Haff was still exploring a potential bid when interviewed by The Union Democrat in late May, but she has since officially decided to run and launched her campaign after listening sessions with groups in different parts of the district.
The listening sessions were held at homes in Groveland, the Old Wards Ferry area, Lambert Lake Estates, Curtis Creek Ranches, Pine Mountain Lake and Don Pedro.
“I was bolstered by these small gatherings,” she said. “That’s what encouraged me to run.”
Haff said she will speak in front of the Groveland Rotary Club this week and plans to hold launch parties in Groveland and Curtis Creek Ranch next month. She has also regularly been attending and providing input at Board of Supervisors meetings.
Badgley, 48, has lived in the district since May after he and his wife purchased their first home together in Groveland. He’s lived in the county since the late 1970s and grew up in Sugar Pine and Mi-Wuk Village.
Running for supervisor isn’t something Badgley planned to do, but he said friends and family encouraged him to give it a shot.
“They think I have a different way of doing things and looking at things,” he said.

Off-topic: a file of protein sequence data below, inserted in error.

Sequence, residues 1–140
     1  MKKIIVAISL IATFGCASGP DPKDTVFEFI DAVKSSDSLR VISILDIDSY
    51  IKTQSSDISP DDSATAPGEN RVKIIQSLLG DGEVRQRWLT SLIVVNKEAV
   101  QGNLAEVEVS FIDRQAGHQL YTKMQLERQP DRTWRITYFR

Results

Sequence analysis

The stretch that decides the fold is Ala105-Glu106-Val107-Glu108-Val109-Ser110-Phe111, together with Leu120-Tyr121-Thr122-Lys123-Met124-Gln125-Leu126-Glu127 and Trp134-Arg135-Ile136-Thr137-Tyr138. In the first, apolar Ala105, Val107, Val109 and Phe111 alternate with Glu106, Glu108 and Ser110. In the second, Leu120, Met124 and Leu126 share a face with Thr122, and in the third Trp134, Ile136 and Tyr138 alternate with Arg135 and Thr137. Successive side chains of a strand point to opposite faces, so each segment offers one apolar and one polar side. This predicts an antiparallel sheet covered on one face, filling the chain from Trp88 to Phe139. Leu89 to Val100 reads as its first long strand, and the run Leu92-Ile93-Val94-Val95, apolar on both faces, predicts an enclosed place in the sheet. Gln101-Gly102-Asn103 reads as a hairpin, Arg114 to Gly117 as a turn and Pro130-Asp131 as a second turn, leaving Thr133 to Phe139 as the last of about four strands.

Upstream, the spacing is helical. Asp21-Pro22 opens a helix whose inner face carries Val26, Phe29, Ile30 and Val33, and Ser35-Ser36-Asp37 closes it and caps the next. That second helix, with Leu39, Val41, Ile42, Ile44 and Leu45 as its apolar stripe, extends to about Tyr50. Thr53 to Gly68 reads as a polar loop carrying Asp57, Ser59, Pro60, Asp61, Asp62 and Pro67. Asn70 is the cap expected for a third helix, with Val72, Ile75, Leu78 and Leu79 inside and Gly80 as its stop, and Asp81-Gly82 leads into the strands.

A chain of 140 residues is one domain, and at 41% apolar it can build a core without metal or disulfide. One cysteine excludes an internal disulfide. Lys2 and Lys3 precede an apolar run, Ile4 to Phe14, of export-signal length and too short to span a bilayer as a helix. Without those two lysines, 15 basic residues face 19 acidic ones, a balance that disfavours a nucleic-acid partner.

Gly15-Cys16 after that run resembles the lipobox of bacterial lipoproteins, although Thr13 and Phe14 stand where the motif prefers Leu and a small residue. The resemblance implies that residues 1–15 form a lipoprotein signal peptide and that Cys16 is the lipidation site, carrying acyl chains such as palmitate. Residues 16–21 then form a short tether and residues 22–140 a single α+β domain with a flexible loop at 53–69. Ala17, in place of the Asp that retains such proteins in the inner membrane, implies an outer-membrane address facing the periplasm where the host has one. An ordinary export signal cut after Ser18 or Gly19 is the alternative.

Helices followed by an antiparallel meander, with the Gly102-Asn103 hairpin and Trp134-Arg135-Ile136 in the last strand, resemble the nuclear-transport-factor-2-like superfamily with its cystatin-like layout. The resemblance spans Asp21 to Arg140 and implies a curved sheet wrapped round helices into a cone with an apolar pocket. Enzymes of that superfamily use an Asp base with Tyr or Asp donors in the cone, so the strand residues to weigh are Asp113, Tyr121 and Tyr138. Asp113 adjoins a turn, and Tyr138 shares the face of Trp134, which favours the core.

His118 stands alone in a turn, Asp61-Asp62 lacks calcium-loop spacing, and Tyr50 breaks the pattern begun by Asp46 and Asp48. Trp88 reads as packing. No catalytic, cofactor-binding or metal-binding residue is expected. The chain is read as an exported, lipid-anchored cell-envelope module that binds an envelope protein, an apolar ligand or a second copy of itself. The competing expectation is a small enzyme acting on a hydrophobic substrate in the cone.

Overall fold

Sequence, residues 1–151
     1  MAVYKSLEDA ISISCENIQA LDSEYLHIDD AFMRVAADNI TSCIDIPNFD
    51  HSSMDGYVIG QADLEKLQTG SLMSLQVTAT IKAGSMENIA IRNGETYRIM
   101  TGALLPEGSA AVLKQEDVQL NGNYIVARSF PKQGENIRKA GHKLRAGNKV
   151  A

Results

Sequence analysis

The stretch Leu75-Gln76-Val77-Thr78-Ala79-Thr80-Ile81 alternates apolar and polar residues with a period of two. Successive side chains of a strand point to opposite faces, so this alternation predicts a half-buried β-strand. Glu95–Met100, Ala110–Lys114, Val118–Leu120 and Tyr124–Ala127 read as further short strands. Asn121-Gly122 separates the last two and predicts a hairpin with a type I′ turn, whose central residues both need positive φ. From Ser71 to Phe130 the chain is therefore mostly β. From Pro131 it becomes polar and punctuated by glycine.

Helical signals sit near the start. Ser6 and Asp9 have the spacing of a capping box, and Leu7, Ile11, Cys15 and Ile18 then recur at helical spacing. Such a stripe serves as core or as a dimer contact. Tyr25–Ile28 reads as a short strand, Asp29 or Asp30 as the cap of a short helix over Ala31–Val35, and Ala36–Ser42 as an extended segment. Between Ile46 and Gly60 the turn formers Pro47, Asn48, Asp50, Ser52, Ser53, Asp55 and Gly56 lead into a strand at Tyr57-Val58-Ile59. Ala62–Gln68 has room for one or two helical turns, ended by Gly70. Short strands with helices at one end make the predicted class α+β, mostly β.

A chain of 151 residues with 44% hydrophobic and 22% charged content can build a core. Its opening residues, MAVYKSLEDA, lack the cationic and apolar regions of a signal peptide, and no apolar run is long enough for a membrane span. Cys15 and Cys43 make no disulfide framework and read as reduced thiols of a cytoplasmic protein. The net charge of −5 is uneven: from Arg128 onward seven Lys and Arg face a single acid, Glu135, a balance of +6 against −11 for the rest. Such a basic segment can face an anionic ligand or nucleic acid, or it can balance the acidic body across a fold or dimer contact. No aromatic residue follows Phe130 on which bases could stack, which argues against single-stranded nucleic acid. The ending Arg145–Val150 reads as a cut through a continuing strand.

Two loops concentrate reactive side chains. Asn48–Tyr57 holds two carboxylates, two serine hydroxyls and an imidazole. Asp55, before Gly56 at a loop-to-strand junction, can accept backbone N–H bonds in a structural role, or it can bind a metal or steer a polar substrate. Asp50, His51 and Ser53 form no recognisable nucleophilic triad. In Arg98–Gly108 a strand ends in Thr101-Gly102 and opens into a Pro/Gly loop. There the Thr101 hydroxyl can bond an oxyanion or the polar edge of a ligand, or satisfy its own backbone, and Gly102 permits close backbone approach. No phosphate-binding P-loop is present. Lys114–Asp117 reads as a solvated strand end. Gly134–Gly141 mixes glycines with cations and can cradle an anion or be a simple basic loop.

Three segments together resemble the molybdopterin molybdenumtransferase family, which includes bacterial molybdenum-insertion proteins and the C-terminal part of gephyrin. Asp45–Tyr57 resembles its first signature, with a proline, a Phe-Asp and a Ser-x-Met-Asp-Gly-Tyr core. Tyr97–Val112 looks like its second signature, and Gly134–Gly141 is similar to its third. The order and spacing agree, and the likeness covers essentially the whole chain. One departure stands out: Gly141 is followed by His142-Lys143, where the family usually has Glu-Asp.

Badgley started working in construction at 15 until he had to undergo surgery about six years ago that fused his right hand and wrist. He started a chainsaw carving business four years ago after someone randomly saw one of his pieces on his porch and offered to buy it.
One of Badgley’s chainsaw carvings is the statue of Bigfoot along Highway 108 near the Mi-Wuk General Store in Mi-Wuk Village.
Oropeza is assisting Badgley with a 20-foot statue he’s carving in Pine Mountain Lake. The pair have been friends for years and were asked to consider running by the same mutual friend, but Badgley said they are not campaigning as a team
“We have a lot of the same ideas and views on things and stuff, but we’re not a team,” he said. “I decided to run, and he was backing me, but then the opportunity came up for him to run and he jumped on it.”
Like Oropeza, legalizing commercial sales and cultivation of cannabis for recreation would be one of Badgley’s top goals if elected.
Badgley and his 26-year-old son are co-founders of a company called Bowlies that claims to produce “the world’s smallest cannabis plants.” He believes the county is missing out on a source of revenue out of fear.
“The people of California voted for recreational cannabis,” he said, referring to Proposition 64 in 2016 that passed with 57 percent of the vote statewide and 52 percent in the county. “I think the county and city should abide by that and give the majority what they asked for.”